July is National Picnic Month and a great time to get out in Taos for some outdoor dining.
July is National Picnic Month and a great time to get out in Taos for some outdoor dining. According to the National Day Calendar website, “Picnics hearken back to mid-18th-century al fresco dining. A bottle of wine, a loaf of bread, some cheese and fruit made for an instant meal under the sky. The word picnic is derived from the French word piquenique.” (National Picnic Month was started by the American Bakers’ Association in 1952. Visit nationaldaycalendar.com.)
Here are a few local favorite spots for picnics.
The gorgeous garden of the Taos Art Museum at Fechin House is open to the public daily from 10 a.m. to 5 p.m., Tuesday through Sunday. The garden has orange day lilies, red roses and blue delphinium in full bloom near a bubbling waterfall. There are benches in the garden and tables with umbrellas on the patio near the museum.
The garden is a favorite spot for morning coffee or a game of chess and has grassy shaded areas that are perfect for picnics. While you are there, take time to visit the impressive art collection housed in the former home of Nicolai Fechin. The museum features the work of Fechin, along with paintings by the Taos Society of Artists and others. Taos County residents are free every Sunday.
The Taos Art Museum at Fechin House garden is located at 227 Paseo del Pueblo Norte. Call (575) 758-2690 for more information or visit taosartmuseum.org.
Homestead Garden Arroyo Seco
A homesteader’s cabin from the 1860s that belonged to the family of Alferino Martinez in the mountains south of Peñasco is at the center of this pocket park in Arroyo Seco. The cabin was dismantled in 2010 and moved here when the park was developed by Jeanie Clinton, owner of the Arroyo Seco Mercantile next door.
The park include roses, hollyhocks in bloom and a flowing creek water feature. A vine-covered ramada with a low table provides a perfect spot for a picnic, as do the grassy areas of the park.
While you are there, you can stop into the Arroyo Seco Mercantile, or pick up some picnic food from Sol Food Market or Abe’s Cantina and Cocina. The Taos Cow ice cream stand is open for dessert after the picnic. Nearby is the original Church of the Holy Trinity, built before 1834.
The Homestead Garden is located at 488 State Road 150 (Taos Ski Valley Road). Call (575) 776-8806 for more information or visit secomerc.com.
Mountain Meadows – Agua Piedra
Outside of town, you will find trails that take you up into the high country or down to the Río Grande. As you begin your hike, look around for picnic tables or meadows near the trailhead. You can also take your picnic with you to your destination whether it be a mountain top or a spot by the river.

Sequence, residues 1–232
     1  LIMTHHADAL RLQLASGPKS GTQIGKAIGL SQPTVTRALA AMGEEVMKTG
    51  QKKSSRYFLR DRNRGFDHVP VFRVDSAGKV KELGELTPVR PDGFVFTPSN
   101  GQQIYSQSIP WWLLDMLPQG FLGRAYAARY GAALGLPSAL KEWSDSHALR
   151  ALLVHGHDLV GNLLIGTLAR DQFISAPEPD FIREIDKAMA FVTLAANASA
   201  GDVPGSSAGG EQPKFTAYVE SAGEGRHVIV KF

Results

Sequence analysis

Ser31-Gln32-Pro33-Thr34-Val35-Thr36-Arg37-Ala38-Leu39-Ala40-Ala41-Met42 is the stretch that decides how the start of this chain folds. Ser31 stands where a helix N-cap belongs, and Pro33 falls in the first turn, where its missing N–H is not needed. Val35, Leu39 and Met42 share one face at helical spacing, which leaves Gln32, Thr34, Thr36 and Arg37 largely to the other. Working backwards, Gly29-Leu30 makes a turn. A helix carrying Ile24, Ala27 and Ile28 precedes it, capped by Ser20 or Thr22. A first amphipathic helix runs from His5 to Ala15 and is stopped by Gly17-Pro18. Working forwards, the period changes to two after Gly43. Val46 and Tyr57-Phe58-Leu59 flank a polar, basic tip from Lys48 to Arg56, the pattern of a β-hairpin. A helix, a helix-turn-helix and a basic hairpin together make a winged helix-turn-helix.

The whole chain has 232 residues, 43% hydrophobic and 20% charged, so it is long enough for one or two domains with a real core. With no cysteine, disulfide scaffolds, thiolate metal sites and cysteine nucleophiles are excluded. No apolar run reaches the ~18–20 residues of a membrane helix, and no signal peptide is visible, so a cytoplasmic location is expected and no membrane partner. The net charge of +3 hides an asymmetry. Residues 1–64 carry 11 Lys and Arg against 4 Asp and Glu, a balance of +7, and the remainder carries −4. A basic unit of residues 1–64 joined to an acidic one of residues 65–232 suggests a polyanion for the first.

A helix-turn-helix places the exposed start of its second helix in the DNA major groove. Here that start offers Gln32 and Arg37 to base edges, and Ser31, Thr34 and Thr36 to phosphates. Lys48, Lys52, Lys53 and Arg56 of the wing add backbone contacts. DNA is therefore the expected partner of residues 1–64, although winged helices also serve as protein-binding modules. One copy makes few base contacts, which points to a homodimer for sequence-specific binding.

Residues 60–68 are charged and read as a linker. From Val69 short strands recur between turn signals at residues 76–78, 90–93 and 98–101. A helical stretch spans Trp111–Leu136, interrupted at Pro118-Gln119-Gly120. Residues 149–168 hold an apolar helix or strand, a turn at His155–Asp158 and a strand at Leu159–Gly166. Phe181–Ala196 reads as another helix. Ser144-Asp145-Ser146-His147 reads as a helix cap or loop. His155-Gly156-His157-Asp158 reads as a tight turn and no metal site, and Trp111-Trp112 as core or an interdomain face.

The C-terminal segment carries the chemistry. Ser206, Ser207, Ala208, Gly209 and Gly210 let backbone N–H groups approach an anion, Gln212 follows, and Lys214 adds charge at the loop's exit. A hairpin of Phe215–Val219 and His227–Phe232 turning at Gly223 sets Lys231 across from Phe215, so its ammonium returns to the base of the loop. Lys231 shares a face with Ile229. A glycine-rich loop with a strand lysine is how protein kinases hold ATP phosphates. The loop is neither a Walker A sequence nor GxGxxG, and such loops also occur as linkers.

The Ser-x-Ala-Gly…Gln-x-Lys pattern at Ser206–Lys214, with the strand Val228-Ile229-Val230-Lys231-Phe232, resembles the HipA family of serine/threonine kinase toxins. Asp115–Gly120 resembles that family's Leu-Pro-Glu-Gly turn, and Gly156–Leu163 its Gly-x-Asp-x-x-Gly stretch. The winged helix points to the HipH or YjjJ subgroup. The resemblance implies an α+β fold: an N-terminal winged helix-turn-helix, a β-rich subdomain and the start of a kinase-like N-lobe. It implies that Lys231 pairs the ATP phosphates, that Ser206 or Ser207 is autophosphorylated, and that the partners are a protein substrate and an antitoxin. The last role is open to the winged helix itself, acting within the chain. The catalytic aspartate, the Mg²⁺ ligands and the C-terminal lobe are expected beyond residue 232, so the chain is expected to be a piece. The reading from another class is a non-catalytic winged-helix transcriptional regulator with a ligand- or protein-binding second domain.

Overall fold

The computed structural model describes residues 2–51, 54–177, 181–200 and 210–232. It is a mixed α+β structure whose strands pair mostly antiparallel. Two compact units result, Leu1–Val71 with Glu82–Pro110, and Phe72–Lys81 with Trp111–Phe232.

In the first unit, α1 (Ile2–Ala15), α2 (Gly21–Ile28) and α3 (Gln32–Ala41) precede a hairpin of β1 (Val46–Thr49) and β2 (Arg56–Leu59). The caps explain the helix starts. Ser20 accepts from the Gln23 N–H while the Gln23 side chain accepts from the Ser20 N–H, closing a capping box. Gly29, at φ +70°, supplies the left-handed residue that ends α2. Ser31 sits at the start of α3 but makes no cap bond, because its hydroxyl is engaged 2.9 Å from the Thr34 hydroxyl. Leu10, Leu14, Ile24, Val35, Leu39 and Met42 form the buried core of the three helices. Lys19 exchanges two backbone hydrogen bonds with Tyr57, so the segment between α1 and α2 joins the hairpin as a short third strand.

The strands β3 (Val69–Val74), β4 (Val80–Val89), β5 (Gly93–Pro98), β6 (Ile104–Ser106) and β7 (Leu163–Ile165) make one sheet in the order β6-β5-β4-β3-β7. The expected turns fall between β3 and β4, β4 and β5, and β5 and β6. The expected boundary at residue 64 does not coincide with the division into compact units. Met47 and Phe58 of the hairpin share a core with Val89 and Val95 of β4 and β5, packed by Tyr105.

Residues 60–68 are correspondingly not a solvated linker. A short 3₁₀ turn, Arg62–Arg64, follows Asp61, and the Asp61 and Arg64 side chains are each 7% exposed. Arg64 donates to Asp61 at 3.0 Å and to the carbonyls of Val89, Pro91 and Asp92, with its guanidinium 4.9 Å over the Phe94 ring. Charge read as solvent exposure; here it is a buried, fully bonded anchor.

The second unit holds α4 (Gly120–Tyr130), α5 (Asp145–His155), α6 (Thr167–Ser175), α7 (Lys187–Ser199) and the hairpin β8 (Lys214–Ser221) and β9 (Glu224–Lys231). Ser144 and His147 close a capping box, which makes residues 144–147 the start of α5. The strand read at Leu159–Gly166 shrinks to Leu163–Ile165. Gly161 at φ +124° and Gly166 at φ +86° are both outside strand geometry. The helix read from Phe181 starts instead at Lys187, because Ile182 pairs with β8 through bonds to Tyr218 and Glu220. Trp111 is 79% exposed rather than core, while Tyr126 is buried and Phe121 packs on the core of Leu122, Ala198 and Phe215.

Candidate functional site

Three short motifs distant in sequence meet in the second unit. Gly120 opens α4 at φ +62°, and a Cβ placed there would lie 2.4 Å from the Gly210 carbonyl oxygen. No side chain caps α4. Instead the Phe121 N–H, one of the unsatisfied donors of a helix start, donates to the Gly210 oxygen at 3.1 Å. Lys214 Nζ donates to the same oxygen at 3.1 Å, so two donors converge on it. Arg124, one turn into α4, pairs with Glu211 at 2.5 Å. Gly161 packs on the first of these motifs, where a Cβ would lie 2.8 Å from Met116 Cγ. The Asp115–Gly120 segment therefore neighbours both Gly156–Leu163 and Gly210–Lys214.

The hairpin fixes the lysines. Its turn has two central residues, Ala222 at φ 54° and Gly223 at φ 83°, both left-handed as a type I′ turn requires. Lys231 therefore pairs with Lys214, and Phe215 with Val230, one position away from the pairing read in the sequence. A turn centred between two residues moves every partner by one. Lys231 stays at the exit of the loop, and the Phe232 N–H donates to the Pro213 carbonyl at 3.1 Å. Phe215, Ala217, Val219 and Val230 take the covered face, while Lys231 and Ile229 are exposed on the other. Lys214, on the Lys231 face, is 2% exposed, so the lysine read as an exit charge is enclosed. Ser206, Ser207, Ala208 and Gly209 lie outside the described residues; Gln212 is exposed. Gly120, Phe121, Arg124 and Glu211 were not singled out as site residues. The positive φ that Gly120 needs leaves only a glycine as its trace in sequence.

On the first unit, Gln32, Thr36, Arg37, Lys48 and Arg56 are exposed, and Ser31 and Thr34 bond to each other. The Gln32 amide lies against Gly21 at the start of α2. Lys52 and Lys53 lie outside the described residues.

One favorite sport is the large meadow near the Agua Piedra Trail (Carson National Forest trail #19A), located southeast of Taos. The trailhead is near the horse corral at the Agua Piedra Campground. Follow the trail as it climbs gently and look off to the right of the trail for the large meadow. This makes a great picnic spot before or after a hike. If you continue up the trail and pass through a gate, you will find Agua Piedra Creek. In the wet areas near the creek there are wildflowers blooming; look for blue columbine, pink shooting stars and golden pea flowers.
At the entrance to the campground, there is a log cabin that was constructed by the Civilian Conservation Corps and served as a warming hut for one of the earliest ski areas in New Mexico. The cabin is now used for events like family reunions.
To get to the Agua Piedra Trailhead: from Taos Plaza, drive south just over 3.5 miles on Paseo del Pueblo to the traffic signal at State Road 518. Turn left here and go about 23 miles on State Road 518. Look for the sign to the right for the Agua Piedra Campground. Turn here; cross the bridge and go left. Follow the road up the hill less than a mile and park at the corral. For more information, contact the Carson National Forest at (575) 758-6200.
Near the Río Hondo
There are a series of campgrounds along the Río Hondo on the Taos Ski Valley Road (State Road 150). Camping and day use are free here and there are picnic tables located in shady spots right on the river.
The first campground, Lower Hondo, is currently closed due to the need to remove some trees to ensure the safety of campers and picnickers. Just up the road are Cuchilla and Cuchilla del Medio campgrounds, which have some nice spots to spread out your picnic on a table or on a grassy spot near the river.
To find the campgrounds, drive north on Paseo del Pueblo from Taos Plaza four miles to the intersection with NM 150 and US 64. Turn right, drive five miles, passing through Arroyo Seco. Continue up the road and look for the campgrounds near mile marker 8.
To find out more about campgrounds and day use possibilities, stop by the Carson National Forest supervisor’s office at 208 Cruz Alta Road or call (575) 758-6200 or visit fs.usda.gov/carson.
In order to read our site, please exit private/incognito mode or log in to continue.